Today, another amazing picture by Brian Johnstone – skimming stones all the way to Ailsa Craig.
“Honour your being, release each and every struggle, gather strength from life’s storms, relax into the arms of spirit”
Jonathan Lockwood Huie
Today a Lenten Prayer by St. Ambrose of Milan (AD 339-397) with Echoes of Ezekiel 36: 26-7:
I will give you a new heart and put a new spirit in you; I will remove from you your heart of stone and give you a heart of flesh. And I will put my Spirit in you and move you to follow my decrees and be careful to keep my laws.
O Lord, who hast mercy upon all,
take away from me my sins,
and mercifully kindle in me the fire of thy Holy Spirit.
Take away from me the heart of stone and give me a heart of flesh,
a heart to love and adore Thee,
a heart to delight in Thee,
to follow and enjoy Thee,
for Christ’s sake,
Picture found here when blog hopping
Ah the Spirit
we know not where she blows
as a breath of wind
she goes wherever she wills
in the gravel of the journey she leaves her footprints
in the cross on the horizon she directs the journey
in the deepening colours of the season she moves between us
in the fading of the light she calls us into the darkness
in the word of foretelling she promises life
in the wilderness of Lent she takes us through.
The Spirit’s flux
we know not where she flows
but may she shift in us
and set our journey once more.
Picture is of Christ the Redeemer in Rio de Janeiro – more wonderful images found here.
I was ‘playing away’ today… doing a pulpit swap with the Presbytery Clerk (who is a Reader). I was celebrating a baptism in the church where he is interim moderator and he was preaching in mine.
Celebrating a baptism (for only the second time this year) made me think again about the liturgies we use and the complex theology behind them.
Baptism is initiation. It is the outward symbol of our inner newness of life in Christ… of our becoming part of the eternal community of God’s people. It is a meeting of heaven and earth in one profound sacramental moment. And when the baptism is of an infant, it also speaks of all the potential that is wrapped up in one young life at the beginning of faith.
So in honour of this morning’s baptism…I thought I would post this snatch of liturgy from Hold this Space. It is from an interactive worship event which had water as an underpinning theme.
We baptise with water … Jesus with the Spirit. And this liturgy captures the dynamic power of water and (for me anyway) symbolises the roller coaster nature of life lived in the guiding power of God’s Spirit:
Water has the power to carve valleys out of mountains.
It has the force to shape the landscape of the world.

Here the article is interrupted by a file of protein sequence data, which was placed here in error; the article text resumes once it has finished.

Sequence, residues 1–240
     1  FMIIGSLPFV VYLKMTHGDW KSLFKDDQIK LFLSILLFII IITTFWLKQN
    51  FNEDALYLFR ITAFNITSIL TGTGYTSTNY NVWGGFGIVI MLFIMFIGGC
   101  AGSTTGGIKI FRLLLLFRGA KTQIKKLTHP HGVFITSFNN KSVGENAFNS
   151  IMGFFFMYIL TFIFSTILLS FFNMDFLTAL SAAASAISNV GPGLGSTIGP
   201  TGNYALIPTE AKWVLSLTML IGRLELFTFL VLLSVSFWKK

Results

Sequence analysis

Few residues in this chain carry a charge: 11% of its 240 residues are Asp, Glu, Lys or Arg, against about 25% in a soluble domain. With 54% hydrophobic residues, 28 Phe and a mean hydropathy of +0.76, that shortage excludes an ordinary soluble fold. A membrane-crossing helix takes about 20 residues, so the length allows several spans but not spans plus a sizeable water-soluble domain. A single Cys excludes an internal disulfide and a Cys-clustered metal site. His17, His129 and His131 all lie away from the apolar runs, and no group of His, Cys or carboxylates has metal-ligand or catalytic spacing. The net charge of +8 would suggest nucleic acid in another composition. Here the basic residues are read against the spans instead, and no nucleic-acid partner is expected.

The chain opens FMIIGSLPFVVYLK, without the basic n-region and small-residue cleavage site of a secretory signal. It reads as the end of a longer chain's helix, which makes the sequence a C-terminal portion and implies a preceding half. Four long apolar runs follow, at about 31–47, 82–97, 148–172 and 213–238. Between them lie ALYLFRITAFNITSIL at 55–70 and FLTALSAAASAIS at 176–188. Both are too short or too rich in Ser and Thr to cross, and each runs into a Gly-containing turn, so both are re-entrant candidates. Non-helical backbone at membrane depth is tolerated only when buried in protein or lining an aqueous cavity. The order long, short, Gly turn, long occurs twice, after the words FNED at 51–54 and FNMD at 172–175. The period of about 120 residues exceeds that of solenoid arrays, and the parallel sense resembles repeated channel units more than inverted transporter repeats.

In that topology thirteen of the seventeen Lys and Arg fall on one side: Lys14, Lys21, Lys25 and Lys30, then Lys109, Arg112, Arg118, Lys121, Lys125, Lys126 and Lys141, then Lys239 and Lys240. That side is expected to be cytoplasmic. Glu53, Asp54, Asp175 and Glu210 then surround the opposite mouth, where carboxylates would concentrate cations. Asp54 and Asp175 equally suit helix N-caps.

It’s terrifying and exhilarating, fierce and beautiful.
If we have the courage to ride this particular river
– to jump into this faith that we’ve talked about this week –
then at times it’s going to feel like we’re tumbling,
like we’re being pummelled and shaped;
like we are at the mercy of the water.
It can be a wild ride, an adventure
or it can feel like it’s dragging us under,
that we are no longer able to breathe.
So, if you need it, here’s a branch…
In this space – and in every moment – you have a choice:
grab the branch, pull yourself out of the river
climb to the side and get re-oriented;
grab the branch, take a breath,
launch back in and let the river take you where it will.
I liked the change of emphasis in the middle… from the wild flow of water to the option of calm. The idea of being able to grab on to a branch and to rest a while. This is so important… taking time out… drawing breath… resting in the stillness of God.
So at the beginning of another week on your particular roller coaster, I hope you manage some moments of calm in the heart of the chaos 🙂
(Picture is no1 son on the beach in Galle, Portugal.)
And then breathe your spirit into all
For ever and ever
A header from Cheryl’s blog which scrolled up today. I think I may have posted it before… but it is well worth a repeat.
I like the idea of being clay.
There is so much potential for creativity… for shaping and reshaping.
Clay is source material… dynamic not static… brought to life by the Spirit of God.
(Photo: copyright free image)
The church is not going to be different until someone in it is different. God waits for each of us to hear, “Behold, I do a new thing…through you!” The question is always: Can we open our lives so that the Holy Spirit may descend and new power break that we may be the kind of person around whom renewal begins?
A great quote for Pentecost … imagine what the Spirit could achieve if we were open and willing to change … and be changed?
Picture is: Pentecost Quilt by Linda Schmidt from here
“Come Holy Spirit,
fill the hearts of your faithful
and kindle in them the fire of your love.
Send forth your Spirit,
and they shall be created.
And You shall renew the face of the earth”.
Amen to that!
Picture is ‘pentecost at ground level’ by Dave at visualtheology